In oral care, Rotter's LOC scale and health specific LOC scales have been used in planning individual preventive programs and in examining the relationships between these beliefs and oral health outcomes such as dental care requirements, the patient's oral hygiene performance and compliance with dental health education.  Dental studies have shown some relation between LOC and oral health status and tooth brushing behavior. 
The influence of LOC beliefs on health in general and oral health in particular makes it crucial to understand their origin in the background of other variables. In this direction, understanding the relationship between sociodemographic factors and HLOC can help dental professionals become more aware of the circumstances that might lead to the adoption of particular LOC beliefs and tailor the preventive programs accordingly. This information could also be useful in planning effective oral health promotion programs aimed at changing oral health behavior by modifying the individual's health control beliefs.
Hence, research trying to understand the association between dental LOC beliefs and sociodemographic factors has it's own significance. Literature search revealed a relative scarcity of Indian studies in this perspective. Hence, the study was conducted to determine the association between dental HLOC and sociodemographic factors among urban and rural people in Davangere district, Karnataka state, India.
| Materials and methods|| |
The study employed a descriptive cross-sectional study design. The study was carried out from January 2014 to April 2014. Ethical clearance was obtained from the Institutional Review Board for the study. Voluntary written informed consent was obtained from the participants before the start of the study. Prior to the commencement of the main study, a pilot study was conducted on 50 people to assess the feasibility of the study, sample size estimation and the reliability of the scale. Internal consistency of the scale was quantified by Cronbach's alpha. It demonstrated satisfactory internal consistency (Cronbach's alpha value = 0.70).
Sample size was estimated using the formula:
Where Zα =1.96 ≈ 2; P = prevalence; Q = 1 − P; L = allowable error = 5%
A total of 300 people, aged 18 years and above from the urban and rural area were included in the study. In the urban area, a multistage random sampling method was employed to select 150 people aged 18 years and above. In the rural area, house to house survey was carried out until 150 people aged 18 years and above were selected.
A survey Performa was used to collect data related to sociodemographic factors like age, gender, marital status, education level and socioeconomic status. Socioeconomic status was determined by Kuppuswamy's scale and categorized into five classes from 1 to 5 with 1 being the highest social class and 5 being the lowest. 
Dental HLOC was determined by a self-report questionnaire which was prepared by the author in the local language. The questionnaire consisted of 16 questions, 8 questions each on internality and externality respectively. People were asked to choose between "yes" or "no" alternatives that suggested either internality or externality.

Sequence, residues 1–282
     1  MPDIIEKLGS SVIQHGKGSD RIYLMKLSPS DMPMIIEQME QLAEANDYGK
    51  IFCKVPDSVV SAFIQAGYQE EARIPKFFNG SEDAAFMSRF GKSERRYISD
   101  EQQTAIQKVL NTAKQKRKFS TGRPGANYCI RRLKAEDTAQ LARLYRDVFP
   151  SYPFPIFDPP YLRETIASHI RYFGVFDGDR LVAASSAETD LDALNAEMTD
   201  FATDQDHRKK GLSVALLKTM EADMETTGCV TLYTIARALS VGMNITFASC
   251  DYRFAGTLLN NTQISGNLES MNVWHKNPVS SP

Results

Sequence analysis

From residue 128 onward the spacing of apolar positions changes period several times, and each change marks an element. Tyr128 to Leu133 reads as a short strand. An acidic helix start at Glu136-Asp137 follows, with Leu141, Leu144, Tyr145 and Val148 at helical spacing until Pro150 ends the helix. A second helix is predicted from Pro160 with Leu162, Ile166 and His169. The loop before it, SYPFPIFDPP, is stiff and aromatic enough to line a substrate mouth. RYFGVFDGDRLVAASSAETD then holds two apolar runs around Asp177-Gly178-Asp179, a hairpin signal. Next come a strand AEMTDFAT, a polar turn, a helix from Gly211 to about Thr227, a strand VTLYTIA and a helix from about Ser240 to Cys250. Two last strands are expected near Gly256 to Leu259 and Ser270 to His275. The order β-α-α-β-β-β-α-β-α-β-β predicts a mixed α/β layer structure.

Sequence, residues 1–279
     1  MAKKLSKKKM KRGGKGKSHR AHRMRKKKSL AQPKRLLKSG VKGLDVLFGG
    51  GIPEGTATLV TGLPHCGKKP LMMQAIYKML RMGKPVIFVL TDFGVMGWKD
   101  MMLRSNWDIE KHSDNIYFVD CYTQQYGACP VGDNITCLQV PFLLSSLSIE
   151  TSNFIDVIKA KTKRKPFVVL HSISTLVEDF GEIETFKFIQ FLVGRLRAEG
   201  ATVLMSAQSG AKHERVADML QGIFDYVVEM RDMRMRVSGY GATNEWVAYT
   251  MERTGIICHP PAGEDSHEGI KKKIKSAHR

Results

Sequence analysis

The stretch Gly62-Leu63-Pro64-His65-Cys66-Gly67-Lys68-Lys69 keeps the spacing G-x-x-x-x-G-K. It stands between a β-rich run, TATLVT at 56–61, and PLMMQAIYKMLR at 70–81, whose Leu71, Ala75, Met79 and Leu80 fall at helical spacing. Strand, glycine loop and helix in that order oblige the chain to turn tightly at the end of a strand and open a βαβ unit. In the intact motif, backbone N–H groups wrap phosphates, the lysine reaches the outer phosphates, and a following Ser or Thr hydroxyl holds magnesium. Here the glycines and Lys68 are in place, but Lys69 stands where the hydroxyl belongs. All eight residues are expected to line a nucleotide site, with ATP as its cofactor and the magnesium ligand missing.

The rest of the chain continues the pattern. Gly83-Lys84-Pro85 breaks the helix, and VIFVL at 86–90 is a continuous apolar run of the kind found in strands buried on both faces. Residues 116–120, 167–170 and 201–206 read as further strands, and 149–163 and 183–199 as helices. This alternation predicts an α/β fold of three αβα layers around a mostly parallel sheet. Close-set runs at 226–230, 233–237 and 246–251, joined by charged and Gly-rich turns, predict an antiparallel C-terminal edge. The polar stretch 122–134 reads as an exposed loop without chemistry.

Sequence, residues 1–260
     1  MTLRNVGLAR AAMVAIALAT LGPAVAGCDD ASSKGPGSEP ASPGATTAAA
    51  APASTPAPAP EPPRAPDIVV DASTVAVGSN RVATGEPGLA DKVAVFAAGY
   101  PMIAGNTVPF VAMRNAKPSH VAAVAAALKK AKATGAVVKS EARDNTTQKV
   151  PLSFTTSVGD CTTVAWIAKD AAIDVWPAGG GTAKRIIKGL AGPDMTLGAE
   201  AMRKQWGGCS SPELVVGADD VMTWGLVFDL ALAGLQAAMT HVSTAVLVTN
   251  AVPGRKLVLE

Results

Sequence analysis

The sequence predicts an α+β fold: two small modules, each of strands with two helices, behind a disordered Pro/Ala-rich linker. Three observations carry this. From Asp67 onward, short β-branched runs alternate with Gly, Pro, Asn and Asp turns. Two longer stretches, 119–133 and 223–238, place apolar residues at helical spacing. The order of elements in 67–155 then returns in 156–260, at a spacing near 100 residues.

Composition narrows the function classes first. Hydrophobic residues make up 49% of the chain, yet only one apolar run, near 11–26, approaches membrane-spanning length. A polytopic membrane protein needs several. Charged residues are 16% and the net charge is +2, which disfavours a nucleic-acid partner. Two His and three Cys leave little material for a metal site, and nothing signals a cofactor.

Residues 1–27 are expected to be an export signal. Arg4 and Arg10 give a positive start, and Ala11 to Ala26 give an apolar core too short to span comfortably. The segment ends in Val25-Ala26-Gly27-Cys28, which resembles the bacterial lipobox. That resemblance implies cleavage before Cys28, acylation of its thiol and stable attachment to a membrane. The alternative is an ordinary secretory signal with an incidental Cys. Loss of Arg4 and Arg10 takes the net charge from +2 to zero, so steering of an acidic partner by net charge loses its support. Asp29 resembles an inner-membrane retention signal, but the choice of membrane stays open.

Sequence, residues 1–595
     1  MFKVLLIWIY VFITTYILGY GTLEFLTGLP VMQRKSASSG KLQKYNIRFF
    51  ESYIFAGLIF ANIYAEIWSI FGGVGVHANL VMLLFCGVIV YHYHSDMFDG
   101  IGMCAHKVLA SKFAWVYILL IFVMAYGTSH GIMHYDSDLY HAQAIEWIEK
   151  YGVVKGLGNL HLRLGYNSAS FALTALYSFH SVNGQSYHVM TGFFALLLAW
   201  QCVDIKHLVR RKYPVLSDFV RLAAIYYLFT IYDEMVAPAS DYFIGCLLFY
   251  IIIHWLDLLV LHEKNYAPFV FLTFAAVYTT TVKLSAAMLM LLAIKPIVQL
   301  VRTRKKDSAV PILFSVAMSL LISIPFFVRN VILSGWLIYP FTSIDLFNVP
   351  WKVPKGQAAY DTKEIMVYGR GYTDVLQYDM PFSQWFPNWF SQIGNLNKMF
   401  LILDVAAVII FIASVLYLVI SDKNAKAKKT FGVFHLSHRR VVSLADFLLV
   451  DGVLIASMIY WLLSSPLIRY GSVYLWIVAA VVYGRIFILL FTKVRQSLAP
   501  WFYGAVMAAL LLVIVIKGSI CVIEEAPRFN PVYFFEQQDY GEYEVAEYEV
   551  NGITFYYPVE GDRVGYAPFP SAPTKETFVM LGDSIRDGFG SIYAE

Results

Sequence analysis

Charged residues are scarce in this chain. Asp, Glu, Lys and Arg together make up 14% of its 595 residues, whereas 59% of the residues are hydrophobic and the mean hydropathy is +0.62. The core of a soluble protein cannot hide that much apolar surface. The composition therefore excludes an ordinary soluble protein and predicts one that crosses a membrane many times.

Statistical package for social sciences (SPSS) package 13 (SPSS Inc. 223, South Wacker Drive, 11 th floor, Chicago II, 60606-6412) was used for statistical analysis of data. Association between dental HLOC and sociodemographic variables was analyzed using Chi-square test. P < 0.05 was set for statistical significance.
| Results|| |
Statistical analysis of data showed that significantly more number of people in urban area belonged to internal LOC group when compared to rural people (P = 0.00; HS) [Table 1]. There was no significant association between age and HLOC both in urban (P = 0.10; NS) and rural areas (P = 0.07; NS) [Table 2]. There was no significant association between gender and HLOC in urban area (P = 0.25; NS). In the rural area, highly significant number of women had an external LOC belief compared to men (P < 0.001, HS) [Table 3]. There was no significant association between marital status and HLOC both in urban (P = 0.17; NS) and rural areas (P = 0.43; NS) [Table 4].
|Table 2: Association between age and dental HLOC among urban and rural people |
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|Table 3: Association between gender and dental HLOC among urban and rural people |
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|Table 4: Association between marital status and dental HLOC among urban and rural people |
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There was a highly significant association between education level and HLOC in urban as well as rural people (P < 0.001; HS) [Table 5]. Majority of college educated people both in urban and rural area had internal health locus control beliefs.
|Table 5: Association between education level and dental HLOC among urban and rural people |
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A highly significant association was found between socioeconomic status and HLOC both in urban and rural areas (P < 0.001; HS) [Table 6]. Majority of people in higher social class in urban and rural areas had internal control beliefs whereas majority of people in lower social class had external control beliefs.